What is the best way to get young people to drink more water? That's the question of a new poll on PreventObesity.net. Answers range from removing local and state taxes on water to banning marketing of sugary drinks to kids to installing free water taps and water bottle-filling stations nationwide. Among Latino youths, consumption of sugary drinks—soft drinks, sports drinks, fruit-flavored drinks, and other caloric but non-nutritious beverages—is higher than the overall average, which contributes to increased rates of obesity, diabetes, and other health issues that disproportionately affect Latinos, according to a research review by Salud America!, a Robert Wood Johnson Foundation research network on Latino childhood obesity that is based at the Institute for Health Promotion ...

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Hydration Stations Start a Water-Drinking Movement in Washington



Latinos are the fastest-growing minority group in Washington State. Because Latino kids tend to drink more sugary drinks than their White peers, healthy beverage policies have the potential to impact Latino kids’ health in big ways. In Washington, community partners are teaming-up with schools and lawmakers to come up with ways to encourage kids to quench their thirst with water, not sugar. EMERGENCE Awareness/Learn: Childhood obesity is a problem in the state of Washington, which is 11% Latino. In 2012, 25% of Washington children ages 2-4 who received benefits from the Special Supplemental Nutrition Program for Women, Infants, and Children (WIC; Latinos comprise about 41% of WIC participants) were overweight or obese, according to the state’s Department of Health. About 23% ...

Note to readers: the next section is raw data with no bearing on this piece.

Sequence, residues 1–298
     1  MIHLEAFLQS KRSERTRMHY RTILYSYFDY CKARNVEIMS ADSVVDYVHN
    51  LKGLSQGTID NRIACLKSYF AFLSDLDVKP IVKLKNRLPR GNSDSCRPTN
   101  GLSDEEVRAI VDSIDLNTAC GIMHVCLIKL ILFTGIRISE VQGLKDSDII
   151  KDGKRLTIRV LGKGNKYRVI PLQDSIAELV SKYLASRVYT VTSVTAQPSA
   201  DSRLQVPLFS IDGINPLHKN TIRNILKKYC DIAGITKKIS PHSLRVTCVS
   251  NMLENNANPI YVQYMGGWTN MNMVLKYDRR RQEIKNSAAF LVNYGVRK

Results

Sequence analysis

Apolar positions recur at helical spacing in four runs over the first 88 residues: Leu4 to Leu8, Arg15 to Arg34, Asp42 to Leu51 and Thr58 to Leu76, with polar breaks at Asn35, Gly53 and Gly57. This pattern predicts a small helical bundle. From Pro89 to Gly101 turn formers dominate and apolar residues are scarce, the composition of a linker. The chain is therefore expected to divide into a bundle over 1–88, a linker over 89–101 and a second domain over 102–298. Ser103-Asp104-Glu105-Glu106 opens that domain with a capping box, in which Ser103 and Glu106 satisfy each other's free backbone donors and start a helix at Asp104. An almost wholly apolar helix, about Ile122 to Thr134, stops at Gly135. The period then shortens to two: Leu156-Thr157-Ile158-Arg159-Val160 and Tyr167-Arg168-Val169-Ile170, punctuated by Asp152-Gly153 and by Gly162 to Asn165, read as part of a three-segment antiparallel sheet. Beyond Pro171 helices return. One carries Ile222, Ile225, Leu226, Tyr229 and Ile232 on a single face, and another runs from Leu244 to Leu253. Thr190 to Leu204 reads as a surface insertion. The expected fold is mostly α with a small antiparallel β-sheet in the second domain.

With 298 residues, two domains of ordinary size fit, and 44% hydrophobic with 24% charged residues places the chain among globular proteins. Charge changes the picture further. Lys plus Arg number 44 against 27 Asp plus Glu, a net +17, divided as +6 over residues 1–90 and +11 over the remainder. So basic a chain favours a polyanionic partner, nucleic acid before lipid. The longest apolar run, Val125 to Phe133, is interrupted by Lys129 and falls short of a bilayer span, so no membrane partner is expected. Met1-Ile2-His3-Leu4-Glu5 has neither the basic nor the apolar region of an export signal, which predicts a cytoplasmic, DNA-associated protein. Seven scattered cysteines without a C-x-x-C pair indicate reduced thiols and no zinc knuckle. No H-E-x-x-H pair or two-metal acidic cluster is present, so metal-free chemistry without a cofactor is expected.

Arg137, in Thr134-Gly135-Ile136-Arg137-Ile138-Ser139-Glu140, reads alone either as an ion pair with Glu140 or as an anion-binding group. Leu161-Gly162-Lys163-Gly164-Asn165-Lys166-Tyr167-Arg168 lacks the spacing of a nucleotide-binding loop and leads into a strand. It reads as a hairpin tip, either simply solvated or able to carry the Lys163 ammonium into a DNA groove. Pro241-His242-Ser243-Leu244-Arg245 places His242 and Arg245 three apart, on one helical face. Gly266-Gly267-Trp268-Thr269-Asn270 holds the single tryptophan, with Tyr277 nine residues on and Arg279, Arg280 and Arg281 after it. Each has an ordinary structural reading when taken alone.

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Study: Availability of Drinking Water in U.S. Public School Cafeterias



Starting in the 2011-12 school year, schools participating in the federally-funded National School Lunch Program were required to provide students with access to free drinking water during school meals, in the location where meals are served. New research by Bridging the Gap describes how schools are meeting this requirement and provides insight about the cleanliness of drinking fountains. The report found that most participating schools met the water requirements, but that there is still work to be done to improve water quality and access. Check out the full research ...

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Swapping Sugary Drinks for Water Coolers For a Healthy Start



Research shows that children who consume too many sugary drinks risk developing diseases related to unhealthy weight. Latino children, because they tend to consume more sugary drinks than their peers, are at an even higher risk. Health leaders, school officials, and parents in one Latino community in California worked to create a policy to bump sugary drinks out of early-childcare centers and help kids fall in love with water at a young age. EMERGENCE Awareness: More than 44% of children overall in Madera County, Calif., are overweight or obese, and Latino children have even higher rates. Public health groups across California are recognizing these issues and working to reduce them. CA4Health, directed by the Public Health Institute (PHI) in California, is a statewide healthy-living ...

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The First Lady Urges Kids to Drink More Water



In the newest effort to combat childhood obesity in United States, the Partnership for America's Health along with First Lady Michelle Obama has launched a new campaign to encourage kids and adults alike to drink more water, Drink Up. The First Lady helped kick-off the campaign in Watertown, Wisconsin, and spoke at a local high school According to the press release, In the next year, supporters will carry the Drink Up logo on nearly 300 million packs of bottle water; more than half a billion bottles of water; 200,000 packages of reusable bottles; and more than 10,000 reusable bottles. Additionally, more than 10,000 outdoor public taps are expected to carry the brand over the next few years. Check out ...